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Columbus Dispatch: "Equally destructive"

Extremist Israeli settlers damage peace prospects just as Palestinian terrorists do

Extremist Israeli settlers damage peace prospects just as Palestinian terrorists do

Saturday,  October 4, 2008

Israeli Prime Minister Ehud Olmert formally resigned last week, undone by accusations of corruption and incompetence. While his tenure in office did little to advance peace between Israel and Palestinians, in his waning days as leader, Olmert this week made a contribution that most Israeli politicians find impossible: He spoke the truth about the destructive influence of Israeli extremists.

The problem posed by Hamas and other violent groups on the Palestinian side is well-known. A subculture dedicated to the extermination of Israel has fed bloodshed and bitterness for generations and allowed little hope for peaceful coexistence to take root.

What Olmert acknowledged, in a recent speech to his cabinet, is that the actions of Jewish extremists and Israeli ultranationalists are just as destructive in perpetuating the cycle of hatred that has poisoned life in the region for so long.

Olmert decried an "evil wind of extremism" from the right that makes peacemaking efforts by the government nearly impossible.

Though he didn't name names, Olmert's comments were understood to refer to ultranationalist settlers whose insistence on occupying land meant for the Palestinians undermines every aspect of building peace.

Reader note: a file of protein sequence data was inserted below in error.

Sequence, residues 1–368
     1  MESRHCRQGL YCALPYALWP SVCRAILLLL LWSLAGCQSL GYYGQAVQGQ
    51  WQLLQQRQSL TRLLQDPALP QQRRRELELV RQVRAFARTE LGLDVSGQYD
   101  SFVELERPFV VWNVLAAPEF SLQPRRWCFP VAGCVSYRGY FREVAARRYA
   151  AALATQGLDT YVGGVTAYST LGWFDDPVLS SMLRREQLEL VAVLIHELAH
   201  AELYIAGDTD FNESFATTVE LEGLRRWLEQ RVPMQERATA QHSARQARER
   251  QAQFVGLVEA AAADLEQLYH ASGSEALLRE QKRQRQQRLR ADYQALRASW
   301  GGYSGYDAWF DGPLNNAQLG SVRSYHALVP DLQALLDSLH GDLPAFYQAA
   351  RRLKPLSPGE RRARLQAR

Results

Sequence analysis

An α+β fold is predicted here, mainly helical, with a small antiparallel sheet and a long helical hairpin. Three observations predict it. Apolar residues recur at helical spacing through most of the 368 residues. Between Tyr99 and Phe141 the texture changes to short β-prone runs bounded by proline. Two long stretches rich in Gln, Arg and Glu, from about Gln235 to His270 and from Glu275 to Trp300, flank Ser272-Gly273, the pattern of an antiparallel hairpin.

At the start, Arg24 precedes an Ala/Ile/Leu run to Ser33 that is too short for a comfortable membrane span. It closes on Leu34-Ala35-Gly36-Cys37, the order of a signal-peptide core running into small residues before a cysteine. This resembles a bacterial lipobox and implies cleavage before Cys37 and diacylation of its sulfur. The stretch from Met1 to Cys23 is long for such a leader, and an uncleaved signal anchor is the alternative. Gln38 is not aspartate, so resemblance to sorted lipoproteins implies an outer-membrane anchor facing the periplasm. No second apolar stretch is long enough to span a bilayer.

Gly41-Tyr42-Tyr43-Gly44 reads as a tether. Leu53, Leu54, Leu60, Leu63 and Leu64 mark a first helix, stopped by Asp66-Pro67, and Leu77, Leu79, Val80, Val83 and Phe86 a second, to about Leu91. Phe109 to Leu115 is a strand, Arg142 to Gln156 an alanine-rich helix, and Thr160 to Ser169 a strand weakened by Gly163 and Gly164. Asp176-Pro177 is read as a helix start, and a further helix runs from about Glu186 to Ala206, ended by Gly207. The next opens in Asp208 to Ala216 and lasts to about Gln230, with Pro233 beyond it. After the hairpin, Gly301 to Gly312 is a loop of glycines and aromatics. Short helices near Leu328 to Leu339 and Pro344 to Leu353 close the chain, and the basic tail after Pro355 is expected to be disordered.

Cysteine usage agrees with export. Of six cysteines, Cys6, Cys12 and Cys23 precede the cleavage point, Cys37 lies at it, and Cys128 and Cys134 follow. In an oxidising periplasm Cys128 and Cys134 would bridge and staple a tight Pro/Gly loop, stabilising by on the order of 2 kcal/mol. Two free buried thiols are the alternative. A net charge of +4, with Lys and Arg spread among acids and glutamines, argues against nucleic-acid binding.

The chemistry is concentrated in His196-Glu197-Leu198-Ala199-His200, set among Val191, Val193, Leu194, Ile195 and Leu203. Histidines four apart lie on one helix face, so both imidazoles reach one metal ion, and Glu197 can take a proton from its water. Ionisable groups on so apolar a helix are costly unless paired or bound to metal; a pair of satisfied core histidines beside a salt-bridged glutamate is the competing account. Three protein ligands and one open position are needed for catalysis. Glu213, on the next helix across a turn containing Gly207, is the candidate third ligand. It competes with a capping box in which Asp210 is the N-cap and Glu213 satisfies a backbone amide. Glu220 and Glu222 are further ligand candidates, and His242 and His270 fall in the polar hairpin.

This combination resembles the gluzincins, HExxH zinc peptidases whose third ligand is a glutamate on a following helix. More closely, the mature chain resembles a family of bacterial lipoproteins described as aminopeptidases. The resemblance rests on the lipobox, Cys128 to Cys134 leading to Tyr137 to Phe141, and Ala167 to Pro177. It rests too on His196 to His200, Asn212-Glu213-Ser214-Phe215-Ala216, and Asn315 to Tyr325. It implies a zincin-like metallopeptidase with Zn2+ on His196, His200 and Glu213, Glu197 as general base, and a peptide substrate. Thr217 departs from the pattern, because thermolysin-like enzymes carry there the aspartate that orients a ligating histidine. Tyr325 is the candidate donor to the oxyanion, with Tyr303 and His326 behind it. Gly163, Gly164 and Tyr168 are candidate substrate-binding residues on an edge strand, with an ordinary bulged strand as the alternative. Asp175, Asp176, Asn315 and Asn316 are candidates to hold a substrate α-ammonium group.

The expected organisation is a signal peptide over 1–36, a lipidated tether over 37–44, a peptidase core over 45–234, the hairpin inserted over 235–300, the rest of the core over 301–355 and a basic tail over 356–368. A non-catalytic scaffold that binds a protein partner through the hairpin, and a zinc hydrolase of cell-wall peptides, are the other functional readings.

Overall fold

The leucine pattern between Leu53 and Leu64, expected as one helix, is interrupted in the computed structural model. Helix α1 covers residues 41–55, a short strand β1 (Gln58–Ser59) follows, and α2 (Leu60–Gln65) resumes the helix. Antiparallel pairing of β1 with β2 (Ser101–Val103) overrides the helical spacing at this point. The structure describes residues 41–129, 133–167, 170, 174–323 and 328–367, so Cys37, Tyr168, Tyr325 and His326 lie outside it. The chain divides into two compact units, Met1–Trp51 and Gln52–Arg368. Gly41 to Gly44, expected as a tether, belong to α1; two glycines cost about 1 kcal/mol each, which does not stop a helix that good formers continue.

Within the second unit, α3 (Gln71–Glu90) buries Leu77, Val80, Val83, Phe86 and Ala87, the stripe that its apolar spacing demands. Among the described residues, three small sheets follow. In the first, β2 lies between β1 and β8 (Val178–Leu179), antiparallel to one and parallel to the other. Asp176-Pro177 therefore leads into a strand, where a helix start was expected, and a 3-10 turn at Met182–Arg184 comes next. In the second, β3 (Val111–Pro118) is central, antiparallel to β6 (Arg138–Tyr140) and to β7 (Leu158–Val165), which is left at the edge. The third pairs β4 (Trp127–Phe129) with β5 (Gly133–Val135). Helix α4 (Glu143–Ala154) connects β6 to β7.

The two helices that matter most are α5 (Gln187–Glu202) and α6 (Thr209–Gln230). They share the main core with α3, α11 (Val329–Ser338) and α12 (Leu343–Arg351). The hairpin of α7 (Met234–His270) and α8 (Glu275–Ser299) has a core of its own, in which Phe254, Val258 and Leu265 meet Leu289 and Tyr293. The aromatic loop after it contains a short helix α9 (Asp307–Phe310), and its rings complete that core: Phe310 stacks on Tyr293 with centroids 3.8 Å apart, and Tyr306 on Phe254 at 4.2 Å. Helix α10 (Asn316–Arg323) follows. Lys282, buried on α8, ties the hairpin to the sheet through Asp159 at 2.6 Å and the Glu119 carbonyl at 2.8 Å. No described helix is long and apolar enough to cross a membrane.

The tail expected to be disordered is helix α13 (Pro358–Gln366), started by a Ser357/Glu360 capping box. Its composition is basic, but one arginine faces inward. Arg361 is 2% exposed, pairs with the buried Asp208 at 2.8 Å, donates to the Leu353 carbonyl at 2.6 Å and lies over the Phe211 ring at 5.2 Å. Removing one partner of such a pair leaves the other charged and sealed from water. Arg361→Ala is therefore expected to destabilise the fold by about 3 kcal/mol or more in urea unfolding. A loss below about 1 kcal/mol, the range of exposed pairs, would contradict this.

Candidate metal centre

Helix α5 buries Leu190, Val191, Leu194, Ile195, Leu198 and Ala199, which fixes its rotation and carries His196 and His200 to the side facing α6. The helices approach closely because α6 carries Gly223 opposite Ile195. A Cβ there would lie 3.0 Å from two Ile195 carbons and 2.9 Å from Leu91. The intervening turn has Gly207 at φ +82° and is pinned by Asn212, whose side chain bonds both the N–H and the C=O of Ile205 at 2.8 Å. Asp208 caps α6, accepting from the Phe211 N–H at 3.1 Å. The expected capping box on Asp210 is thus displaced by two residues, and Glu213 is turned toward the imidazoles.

Even though most Israelis desperately wish to live in harmony with their neighbors and see the radical settlers as an obstacle to that wish, the political sway of the settlers and their supporters in the religious establishment is such that politicians are loath to criticize them.

The existence of illegal settlements and the Israeli government's tolerance of them enrage Palestinians and make them doubt any Israeli peace promises.

The Israeli government feels obliged to protect the settlements, regardless of their legality -- a task that sometimes leads to violence when tiny, armed Jewish outposts are surrounded by hostile Palestinians.

Many settlers, especially those in the large communities nearest to Israel, are people who responded to financial incentives to buy homes in government-backed projects. Others, though, are deeply ideological hard-liners who insist that Israel is entitled -- indeed, directed by God -- to control all of the historical land of Judea and Samaria. These Israelis are not interested in peace with the Palestinians.

Radical settlers have attacked Palestinian neighbors and destroyed their property; some advocate violence against the Israeli government, declaring it an enemy because of its promises to stop further settlements.

Olmert's condemnation came in response to an attack on Zeev Sternhell, a 73-year-old academic and Holocaust survivor who has vocally opposed West Bank settlements. The Sept. 25 incident, in which Sternhell suffered leg injuries from a pipe bomb left outside the door of his home, has been blamed on an extremist settler group. Leaflets left around his neighborhood offer a reward of about $200,000 to anyone who kills a member of the Peace Now group to which Sternhell belongs.

Olmert is right that Israelis never will know peace as long as such extremism thrives in their midst. If only that point could be made by an Israeli leader who isn't at the end of a political career.